12 Table of Figures Figure 1: System Overview Functional Encode Flow...6 Figure 2: System Overview Functional Decode Flow...7 Figure 3: Hierarchical Image Structure...9 Figure 4: Suggested Auditorium Speaker Placement...18 Figure 5: Example Composition Playlist...29 Figure 6: Example Show Playlist...30 Figure 7: Example Distribution Package...30 Figure 8: Example Track File Structure...31 Figure 9: Example of KLV Coding...31 Figure 10. Correspondence between Source and Encrypted Triplets...34 Figure 11: Single-Screen System Architecture...50 Figure 12: Media Block Server Configuration...53 Figure 13: Media Block in Projector Configuration Figure 14: Multiplex Theater System Architecture...61 Figure 15: Digital Cinema Security Message Flow...79 Figure 16: Digital Cinema Auditorium Security Implementations...83 Figure 17: System Start-Up Overview...88 Figure 18: Pre-Show Overview...89 Figure 19: Show Playback Overview...91 Figure 20: Post Playback Overview...92 Figure 21: Log Record Chaining Example Figure 22: XML Diagram for Generic Extra-Theater Message Figure 23: Authenticated and Public Portion of Extra-Theater Messages Figure 24: Authenticated and Private Portion of Extra-Theater Messages Figure 25: EncryptedData in Extra-Theater Message (ETM) Figure 26: Signature Section of Extra-Theater Message (ETM) Figure 27: Key Delivery Message (KDM) Information Flow Figure 28: KDMRequiredExtensions element Figure 29: Authenticate and Private Portion of KDM DCI Digital Cinema System Spec v1.0a.doc Page xii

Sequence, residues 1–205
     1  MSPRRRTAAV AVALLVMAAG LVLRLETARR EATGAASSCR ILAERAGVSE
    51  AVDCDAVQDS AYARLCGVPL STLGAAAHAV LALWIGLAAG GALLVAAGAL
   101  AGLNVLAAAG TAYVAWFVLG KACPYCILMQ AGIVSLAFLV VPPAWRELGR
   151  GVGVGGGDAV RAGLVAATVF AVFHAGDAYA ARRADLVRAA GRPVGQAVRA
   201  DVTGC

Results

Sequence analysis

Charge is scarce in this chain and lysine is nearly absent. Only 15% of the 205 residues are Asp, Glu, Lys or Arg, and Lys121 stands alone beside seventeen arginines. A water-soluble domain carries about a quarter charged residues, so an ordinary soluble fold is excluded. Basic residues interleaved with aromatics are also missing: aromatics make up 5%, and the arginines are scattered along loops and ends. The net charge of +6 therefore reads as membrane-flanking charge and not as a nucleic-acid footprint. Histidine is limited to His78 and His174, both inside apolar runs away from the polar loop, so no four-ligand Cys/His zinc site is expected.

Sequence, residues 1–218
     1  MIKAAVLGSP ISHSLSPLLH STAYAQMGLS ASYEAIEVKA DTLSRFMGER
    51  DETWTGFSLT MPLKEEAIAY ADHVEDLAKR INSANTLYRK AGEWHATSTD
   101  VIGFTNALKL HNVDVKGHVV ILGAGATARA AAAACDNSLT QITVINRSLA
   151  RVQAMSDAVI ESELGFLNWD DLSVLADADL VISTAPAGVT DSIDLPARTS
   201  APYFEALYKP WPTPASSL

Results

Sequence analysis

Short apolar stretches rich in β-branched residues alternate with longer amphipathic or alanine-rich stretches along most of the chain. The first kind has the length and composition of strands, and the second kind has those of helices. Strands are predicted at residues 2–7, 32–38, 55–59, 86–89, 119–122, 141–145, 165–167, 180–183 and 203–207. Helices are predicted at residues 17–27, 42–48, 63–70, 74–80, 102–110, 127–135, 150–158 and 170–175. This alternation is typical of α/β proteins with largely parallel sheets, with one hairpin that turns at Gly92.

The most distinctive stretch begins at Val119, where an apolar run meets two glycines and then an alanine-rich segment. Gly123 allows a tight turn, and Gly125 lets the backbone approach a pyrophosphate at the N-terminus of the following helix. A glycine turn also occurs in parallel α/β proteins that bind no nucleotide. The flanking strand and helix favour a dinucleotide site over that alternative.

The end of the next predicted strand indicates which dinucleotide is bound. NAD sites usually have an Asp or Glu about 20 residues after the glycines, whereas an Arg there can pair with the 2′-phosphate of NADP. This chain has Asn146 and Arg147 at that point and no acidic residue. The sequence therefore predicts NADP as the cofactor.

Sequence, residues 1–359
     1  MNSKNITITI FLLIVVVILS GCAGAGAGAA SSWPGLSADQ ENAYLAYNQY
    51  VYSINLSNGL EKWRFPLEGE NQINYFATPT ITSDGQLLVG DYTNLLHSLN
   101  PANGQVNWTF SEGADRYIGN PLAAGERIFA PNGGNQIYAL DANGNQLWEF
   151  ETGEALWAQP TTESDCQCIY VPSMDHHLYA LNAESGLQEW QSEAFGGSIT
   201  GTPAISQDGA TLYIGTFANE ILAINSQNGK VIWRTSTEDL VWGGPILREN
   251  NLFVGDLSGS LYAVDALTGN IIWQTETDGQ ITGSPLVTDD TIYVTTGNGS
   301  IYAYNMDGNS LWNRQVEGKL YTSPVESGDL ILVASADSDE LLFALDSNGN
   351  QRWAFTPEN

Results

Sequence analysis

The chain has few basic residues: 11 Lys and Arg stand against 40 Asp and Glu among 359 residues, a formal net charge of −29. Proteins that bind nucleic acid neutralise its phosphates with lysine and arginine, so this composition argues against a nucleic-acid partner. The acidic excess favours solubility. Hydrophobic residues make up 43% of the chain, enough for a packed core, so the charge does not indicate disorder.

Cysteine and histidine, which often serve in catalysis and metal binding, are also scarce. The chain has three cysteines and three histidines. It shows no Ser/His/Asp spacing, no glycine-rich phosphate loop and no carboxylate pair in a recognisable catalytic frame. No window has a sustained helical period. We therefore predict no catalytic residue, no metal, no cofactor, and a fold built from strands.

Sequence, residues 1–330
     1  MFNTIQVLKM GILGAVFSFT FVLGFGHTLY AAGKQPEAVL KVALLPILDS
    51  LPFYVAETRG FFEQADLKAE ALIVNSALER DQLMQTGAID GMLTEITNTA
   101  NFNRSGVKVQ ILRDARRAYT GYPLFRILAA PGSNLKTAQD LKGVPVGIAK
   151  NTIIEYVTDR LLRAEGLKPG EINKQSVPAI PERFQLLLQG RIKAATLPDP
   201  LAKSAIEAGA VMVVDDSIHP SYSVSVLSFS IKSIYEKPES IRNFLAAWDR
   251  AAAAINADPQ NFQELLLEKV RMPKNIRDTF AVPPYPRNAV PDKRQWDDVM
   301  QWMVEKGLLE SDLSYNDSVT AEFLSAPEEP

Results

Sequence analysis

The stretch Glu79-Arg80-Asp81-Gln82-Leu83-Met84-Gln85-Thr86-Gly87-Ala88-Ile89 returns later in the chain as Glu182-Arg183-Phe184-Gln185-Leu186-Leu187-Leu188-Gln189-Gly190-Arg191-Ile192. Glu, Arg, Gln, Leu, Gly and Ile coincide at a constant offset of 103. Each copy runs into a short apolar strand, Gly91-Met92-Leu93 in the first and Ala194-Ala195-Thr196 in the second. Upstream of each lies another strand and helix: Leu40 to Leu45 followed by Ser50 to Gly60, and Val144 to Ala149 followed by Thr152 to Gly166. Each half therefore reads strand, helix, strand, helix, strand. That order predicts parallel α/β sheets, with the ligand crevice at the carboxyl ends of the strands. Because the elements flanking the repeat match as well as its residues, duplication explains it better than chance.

13 Table of Tables Table 1: Image Structure Container...13 Table 2: Chromaticity Coordinates of the Encoding Primaries...13 Table 3: Example Image Aspect Ratios...14 Table 4: Required Image Structure Information...15 Table 5: Eight Channel Mapping...16 Table 6: Six Channel Mapping...17 Table 7: Codestream Structure...25 Table 8: Examples of Theater Management System Events...49 Table 9: Example of Storage Capacity for one 3-Hour Feature (12 24 FPS)...52 Table 10: Examples of Screen Management System Events...58 Table 11: Reference Image Parameters and Tolerances...67 Table 12: Black-to-White Gray Step-Scale Test Pattern Code Values, Luminance Values, and Chromaticity Coordinates...68 Table 13: Black-to-Dark Gray Step-Scale Test Pattern Code Values, Luminance Values, and Chromaticity Coordinates...68 Table 14: Color Accuracy Color Patch Code Values, Luminance Values, and Chromaticity Coordinates...70 Table 15: Intra-theater Message (ITM) Request-Response Pairs (RRP) Table 16: RRP State: StartSuite Table 17: RRP State: CPLValidate Table 18: RRP State: Key Delivery Message KDMValidate Table 19: RRP State: PlayOK Table 20: RRP State: PrepSuite Table 21: RRP State: PurgeSuite Table 22: RRP State: TimeAdj Table 23: RRP State: LogUpload Table 24: RRP State: LogGetNext Table 25: RRP State: QuerySPB Table 26: RRP State: KeyLoad Table 27: RRP State: KeyPurge Table 28. RRP State: LogUpload Table 29: RRP State: LogGetNext Table 30: RRP State: TermTLS Table 31: RRP State: Alert Table 32: RRP State: Abort Table 33: Log Record Class: Operational Table 34: Log Record Class: Log Messages/Management Table 35: Log Record Class: Playback Management Table 36: Log Record Class: Validations/Exceptions Table 37: Summary of FIPS Security Requirements Table 38: Examples of Security Manager Events Table 39: Examples of Failure or Tampering of Security Equipment Table 40: Factors Supporting Trust in a Security Device Table 41: Required X.509v3 fields for Digital Cinema Certificates Table 42: Field Constraints for Digital Cinema Certificates Table 43: Mapping of Digital Cinema Identity Attributes to X.509 Name Attributes Table 44: CipherData Fields DCI Digital Cinema System Spec v1.0a.doc Page xiii